I haven’t quite figured out how to explain what I do for a living.

Most occupations need no explanation or maybe very little, but that’s just not the case as a musician. Being a musician comes with the stigma (perpetuated mostly by movies, books, media and fearful parents) that artists are probably poor and starving, possibly lazy, maybe uneducated and certainly impractical.

Not the actual case. But since that’s the assumption and I’d prefer not to be thought of in those terms, it requires some explaining.

I think it comes from the foreign nature of an artistic profession to non-artists. If the primary exposure to musicians has been to the two polar opposites of Beyonce and that starving artist trope, of course someone making a blue collar living as a professional musician might be unsettling.

After I tell someone “I’m a professional musician, I play the drums,” they say “Do you teach?” Or when I get to the part in my explanation where I mention teaching they say “Oh you teach!” Like maybe I was being a bit deceptive when I said I play the drums for a living because that’s, you know, impossible and they figured out the truth like Lieutenant Columbo or Adrian Monk.

People. I’m not exaggerating this happens like clockwork.

It’s when they hear that I’m a teacher that they become relieved, even excited. They can now wipe the nervous sweat from their brow saying “Whew, turns out he’s on the conveyor belt like me after all.”

Full disclosure, I actually charge super low when I teach and its not my primary source of income. I teach to have a part in sharing music with young people. Music did a lot for me, great music teachers did a lot for me too and I’ve found a way to teach that fits with my life priorities. I don’t teach because I cant play (“Those who cannot do, teach” is another trope that’s got to go in every subject, not just the arts), or because I don’t make enough playing. I make enough playing, but I want to also be a teacher.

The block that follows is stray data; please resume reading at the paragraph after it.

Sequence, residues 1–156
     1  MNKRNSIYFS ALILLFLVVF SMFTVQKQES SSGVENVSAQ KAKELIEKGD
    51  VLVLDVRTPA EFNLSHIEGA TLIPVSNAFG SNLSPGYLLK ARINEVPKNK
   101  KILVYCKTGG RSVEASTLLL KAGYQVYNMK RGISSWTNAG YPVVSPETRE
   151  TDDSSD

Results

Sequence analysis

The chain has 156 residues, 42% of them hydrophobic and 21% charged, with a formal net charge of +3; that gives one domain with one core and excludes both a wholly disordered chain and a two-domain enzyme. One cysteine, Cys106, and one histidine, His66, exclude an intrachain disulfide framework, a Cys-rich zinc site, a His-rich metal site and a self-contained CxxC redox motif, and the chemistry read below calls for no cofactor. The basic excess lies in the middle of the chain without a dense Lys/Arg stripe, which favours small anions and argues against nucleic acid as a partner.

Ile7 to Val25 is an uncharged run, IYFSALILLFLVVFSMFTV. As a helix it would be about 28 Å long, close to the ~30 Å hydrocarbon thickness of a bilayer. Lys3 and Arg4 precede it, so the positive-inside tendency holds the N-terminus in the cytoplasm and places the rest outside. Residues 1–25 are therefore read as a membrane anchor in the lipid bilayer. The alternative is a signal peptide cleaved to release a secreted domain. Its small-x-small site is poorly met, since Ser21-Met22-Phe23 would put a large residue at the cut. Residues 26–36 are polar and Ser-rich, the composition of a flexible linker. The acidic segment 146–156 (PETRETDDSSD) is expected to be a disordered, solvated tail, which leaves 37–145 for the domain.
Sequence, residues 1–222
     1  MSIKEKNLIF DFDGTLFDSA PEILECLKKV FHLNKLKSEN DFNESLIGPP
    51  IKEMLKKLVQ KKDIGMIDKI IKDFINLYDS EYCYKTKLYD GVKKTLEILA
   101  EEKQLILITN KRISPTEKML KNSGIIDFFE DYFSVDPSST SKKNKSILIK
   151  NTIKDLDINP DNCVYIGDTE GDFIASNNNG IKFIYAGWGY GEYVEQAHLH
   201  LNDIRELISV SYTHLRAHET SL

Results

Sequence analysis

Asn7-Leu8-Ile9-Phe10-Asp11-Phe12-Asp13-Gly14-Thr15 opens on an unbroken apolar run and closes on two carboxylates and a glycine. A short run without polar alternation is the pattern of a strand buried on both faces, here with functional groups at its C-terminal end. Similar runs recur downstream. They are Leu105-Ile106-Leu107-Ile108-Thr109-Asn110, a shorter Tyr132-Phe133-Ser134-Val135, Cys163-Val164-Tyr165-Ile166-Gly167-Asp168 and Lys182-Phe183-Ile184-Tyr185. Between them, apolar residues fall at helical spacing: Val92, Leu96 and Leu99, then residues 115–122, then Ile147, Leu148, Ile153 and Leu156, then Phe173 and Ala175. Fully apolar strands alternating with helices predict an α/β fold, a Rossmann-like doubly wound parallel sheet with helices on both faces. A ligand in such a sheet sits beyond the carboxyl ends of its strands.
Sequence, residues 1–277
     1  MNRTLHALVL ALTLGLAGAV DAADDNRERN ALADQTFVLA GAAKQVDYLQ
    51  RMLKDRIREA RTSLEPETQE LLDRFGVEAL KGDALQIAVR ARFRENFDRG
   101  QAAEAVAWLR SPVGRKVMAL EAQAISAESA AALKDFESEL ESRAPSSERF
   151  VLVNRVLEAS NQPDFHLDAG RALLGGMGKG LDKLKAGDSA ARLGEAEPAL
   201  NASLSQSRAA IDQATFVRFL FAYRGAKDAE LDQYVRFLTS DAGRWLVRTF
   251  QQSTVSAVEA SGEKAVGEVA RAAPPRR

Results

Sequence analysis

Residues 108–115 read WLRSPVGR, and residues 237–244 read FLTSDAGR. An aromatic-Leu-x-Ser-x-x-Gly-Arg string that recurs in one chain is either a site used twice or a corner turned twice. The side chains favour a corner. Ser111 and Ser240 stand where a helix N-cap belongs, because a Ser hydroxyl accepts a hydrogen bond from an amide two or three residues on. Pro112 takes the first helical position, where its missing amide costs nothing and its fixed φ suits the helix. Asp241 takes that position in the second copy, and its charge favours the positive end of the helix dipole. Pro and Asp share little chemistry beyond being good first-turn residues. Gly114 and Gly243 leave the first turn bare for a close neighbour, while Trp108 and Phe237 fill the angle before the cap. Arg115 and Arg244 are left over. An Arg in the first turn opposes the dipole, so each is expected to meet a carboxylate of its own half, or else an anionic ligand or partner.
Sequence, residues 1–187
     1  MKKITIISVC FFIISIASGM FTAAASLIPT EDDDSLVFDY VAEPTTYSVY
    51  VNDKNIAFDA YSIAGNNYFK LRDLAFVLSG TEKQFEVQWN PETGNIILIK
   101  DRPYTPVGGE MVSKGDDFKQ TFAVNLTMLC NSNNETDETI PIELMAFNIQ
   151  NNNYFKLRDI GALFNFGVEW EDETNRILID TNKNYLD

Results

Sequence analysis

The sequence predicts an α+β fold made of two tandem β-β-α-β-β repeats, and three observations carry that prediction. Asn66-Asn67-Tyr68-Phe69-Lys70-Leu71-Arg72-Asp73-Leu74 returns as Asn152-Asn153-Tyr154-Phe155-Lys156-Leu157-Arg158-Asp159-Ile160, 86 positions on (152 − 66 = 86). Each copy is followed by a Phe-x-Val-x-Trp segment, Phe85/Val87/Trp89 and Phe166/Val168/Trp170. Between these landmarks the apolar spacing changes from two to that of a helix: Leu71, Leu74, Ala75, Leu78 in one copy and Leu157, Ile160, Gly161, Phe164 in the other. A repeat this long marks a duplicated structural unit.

Anyway, once people hear “teacher” they latch onto that and suddenly feel very comfortable. I can see their posture normalize and their face un-scrunch. From then on the questions revolve around my teaching, not my playing, even though that’s not actually the focus of my profession.

This particular misunderstanding is just one example of many. I’ve just come to embrace the fact that this occupation is a bit hard to grasp if you’re not a part of it. We’ll always get questions, some accusatory in nature, because we’re doing something out of the ordinary. This used to really bother me but now I’ve come to understand that it’s just one of the costs of living a creative lifestyle.

Totally worth it.

May 11, 2016

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